The Real Cost of the Chained CPI

By on February 20, 2014 in Current Events, Retirement with 59 Comments

Who wants to lose money?  Nobody.  This is why the prospect of the chained CPI had so many people upset. “They are cutting my payment!  I will have less to live on!  They must be stopped!”  The upset is only aggravated by the alarming arithmetic that shows “losses” of thousands of dollars.  This arithmetic, however, is more than alarming – it is deceptive.  Let me explain.

First illustration.  Pensioner has been receiving $1,000 monthly.  His latest COLA, performed the usual way, is 2.0%.  His new payment will be $1,020.  This is $20 more.

If the chained CPI had been in effect, the COLA would have been 0.3% less.  If you increase $1,000 by 1.7% instead of by 2.0% his new payment becomes $1,017, which is $3.00 less. After whatever taxes apply, his net loss will be less than $3.00.  Spread evenly over a 30-day month, his loss – before taxes – is ten cents per day.

Annual loss.              (1,020 x 12) minus (1,017 x 12), or

12,240 (old) – 12,204 (new) = $36.00 loss in one year.

Second illustration.  Pensioner is receiving $2,000 monthly.  His latest COLA, performed the usual way, is 5%.  This will increase his monthly payment to $2,100.  This is $100 more.

If the chained CPI had been in effect, the COLA would have been from 0.3% less.  If you increase $2,000 by 4.7% instead of 5.0% his new payment becomes $2,094, which is $6.00 less.    After whatever taxes apply, his net loss will be less than $6.00.  Spread evenly over a 30-day month, his loss – before taxes – is twenty cents per day.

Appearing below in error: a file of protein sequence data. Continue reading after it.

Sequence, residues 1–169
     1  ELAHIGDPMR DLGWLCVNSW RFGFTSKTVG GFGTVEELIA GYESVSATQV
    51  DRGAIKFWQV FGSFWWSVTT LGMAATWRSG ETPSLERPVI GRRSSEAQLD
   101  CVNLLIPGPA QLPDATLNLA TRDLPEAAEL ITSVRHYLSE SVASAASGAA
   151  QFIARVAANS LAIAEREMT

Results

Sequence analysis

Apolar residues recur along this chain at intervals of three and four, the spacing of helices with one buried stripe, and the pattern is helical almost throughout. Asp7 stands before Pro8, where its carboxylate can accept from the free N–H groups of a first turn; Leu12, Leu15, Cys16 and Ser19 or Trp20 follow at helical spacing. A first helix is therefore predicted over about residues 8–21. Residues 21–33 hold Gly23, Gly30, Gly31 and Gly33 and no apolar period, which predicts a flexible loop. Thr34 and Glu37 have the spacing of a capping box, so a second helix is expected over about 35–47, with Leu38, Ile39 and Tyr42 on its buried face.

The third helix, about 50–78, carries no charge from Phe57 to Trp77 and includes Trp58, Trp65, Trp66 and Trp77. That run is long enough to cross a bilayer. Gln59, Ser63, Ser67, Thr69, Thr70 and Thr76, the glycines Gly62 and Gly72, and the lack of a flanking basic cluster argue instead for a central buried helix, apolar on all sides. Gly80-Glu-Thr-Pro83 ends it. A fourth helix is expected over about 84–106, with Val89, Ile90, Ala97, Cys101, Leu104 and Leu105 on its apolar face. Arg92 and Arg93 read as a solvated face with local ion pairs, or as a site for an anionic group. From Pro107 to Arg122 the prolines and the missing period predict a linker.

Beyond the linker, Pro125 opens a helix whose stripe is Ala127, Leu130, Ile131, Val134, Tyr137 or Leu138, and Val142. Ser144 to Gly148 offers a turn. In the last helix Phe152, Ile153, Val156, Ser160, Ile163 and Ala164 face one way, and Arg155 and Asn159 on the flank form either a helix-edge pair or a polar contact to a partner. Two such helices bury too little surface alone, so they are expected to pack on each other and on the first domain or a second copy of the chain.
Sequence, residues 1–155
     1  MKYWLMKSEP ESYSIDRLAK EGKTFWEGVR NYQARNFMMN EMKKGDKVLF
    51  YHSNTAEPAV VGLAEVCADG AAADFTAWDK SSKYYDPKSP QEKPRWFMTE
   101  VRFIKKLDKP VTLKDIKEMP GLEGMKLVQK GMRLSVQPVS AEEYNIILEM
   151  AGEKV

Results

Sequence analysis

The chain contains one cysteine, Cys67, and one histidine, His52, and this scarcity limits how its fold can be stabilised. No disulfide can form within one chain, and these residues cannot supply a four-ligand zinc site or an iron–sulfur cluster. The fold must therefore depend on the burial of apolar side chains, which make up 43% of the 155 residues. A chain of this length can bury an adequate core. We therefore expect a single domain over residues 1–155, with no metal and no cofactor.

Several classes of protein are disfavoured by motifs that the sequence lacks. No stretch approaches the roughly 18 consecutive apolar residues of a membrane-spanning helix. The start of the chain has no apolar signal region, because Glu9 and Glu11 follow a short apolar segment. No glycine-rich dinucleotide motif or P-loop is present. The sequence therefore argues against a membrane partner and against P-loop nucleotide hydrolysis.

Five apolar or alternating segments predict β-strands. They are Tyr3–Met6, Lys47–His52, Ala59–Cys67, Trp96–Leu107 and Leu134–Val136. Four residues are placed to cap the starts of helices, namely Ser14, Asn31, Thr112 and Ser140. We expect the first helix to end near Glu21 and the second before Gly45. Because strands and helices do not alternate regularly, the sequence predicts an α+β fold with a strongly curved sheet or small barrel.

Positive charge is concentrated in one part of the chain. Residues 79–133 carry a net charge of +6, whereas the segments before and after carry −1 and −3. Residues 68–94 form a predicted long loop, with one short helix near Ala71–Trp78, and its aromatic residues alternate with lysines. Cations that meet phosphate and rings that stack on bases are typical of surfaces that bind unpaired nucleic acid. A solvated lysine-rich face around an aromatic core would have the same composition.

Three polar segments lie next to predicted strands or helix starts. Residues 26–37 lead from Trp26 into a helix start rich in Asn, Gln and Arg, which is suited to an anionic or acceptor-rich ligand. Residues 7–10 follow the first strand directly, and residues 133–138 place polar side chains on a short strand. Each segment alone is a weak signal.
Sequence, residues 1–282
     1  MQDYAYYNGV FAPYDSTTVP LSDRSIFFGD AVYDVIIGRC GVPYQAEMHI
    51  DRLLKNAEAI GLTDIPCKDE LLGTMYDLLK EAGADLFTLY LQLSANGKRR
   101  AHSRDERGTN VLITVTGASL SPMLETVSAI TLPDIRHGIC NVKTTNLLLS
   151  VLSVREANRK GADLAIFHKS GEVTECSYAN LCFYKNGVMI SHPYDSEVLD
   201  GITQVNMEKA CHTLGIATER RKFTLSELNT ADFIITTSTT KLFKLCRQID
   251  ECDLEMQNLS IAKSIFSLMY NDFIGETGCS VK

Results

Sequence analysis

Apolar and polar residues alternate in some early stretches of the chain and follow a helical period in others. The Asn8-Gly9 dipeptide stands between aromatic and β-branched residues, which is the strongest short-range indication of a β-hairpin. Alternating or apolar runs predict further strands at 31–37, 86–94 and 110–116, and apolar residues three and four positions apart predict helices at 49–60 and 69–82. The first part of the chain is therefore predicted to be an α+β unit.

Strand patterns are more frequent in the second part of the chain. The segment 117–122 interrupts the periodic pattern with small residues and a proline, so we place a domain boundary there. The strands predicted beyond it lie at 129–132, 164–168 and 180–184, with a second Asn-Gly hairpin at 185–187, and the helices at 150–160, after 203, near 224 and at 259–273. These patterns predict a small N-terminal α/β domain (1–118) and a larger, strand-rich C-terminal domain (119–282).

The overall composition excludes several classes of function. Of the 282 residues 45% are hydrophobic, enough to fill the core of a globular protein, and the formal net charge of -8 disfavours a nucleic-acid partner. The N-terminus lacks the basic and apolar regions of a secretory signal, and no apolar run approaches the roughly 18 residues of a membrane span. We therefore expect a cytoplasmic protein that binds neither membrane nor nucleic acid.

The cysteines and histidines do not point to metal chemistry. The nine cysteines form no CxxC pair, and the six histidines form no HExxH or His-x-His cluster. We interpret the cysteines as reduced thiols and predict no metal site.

Annual loss.                         (2,100 x 12) minus  (2,094 x 12), or

25,200 (old) – 25,128 (new) = $72.00 loss in one year.

Above examples use 0.3%.  In reality, the chained CPI cut – we are told – will be anywhere from 0.25% to 0.3%.  Had I used 0.25% instead of 0.3%, the loss would have been less.

It is clear the chained CPI losses are small, but there will still be marginal cases in which pensioners will be genuinely hurt if the chained CPI is implemented. So, the new policy has “safety net” provisions which exempt disabled, super-old, and low-income pensioners.

Fortunately, our law-makers are looking out for us.  The news media, including FedSmith.com, have recently reported a group of congressmen wrote the President, stating, “Switching to a chained CPI would be devastating  for seniors, veterans, federal retirees, disabled individuals and others.” (emphasis added)

Are they sure this will be “devastating”?   Did they not read the President’s safety net provisions in his 2015 budget message?  Are they pandering for votes?  Would our congresspersons do such a thing?

So much for costs.  What are the benefits?  With millions of Federal pensioners contributing, the benefits will be billions of dollars to taxpayers in general.  Billions.  This will be used, in some form or other, to reduce the truly crushing national debt.

The $17 trillion debt calls for wide- spread, or “shared,” suffering, before it will be resolved.

I am a federal retiree.  My “devastating” loss due to the chained CPI will be slightly less than one pizza per month.  Small price to pay to help save a country!

My website is  www.fedbens.us

© 2016 Robert F. Benson. All rights reserved. This article may not be reproduced without express written consent from Robert F. Benson.

About the Author

Robert Benson served 35 years in various Federal agencies, as both a management analyst and IT specialist. He is a graduate of Northwestern University.

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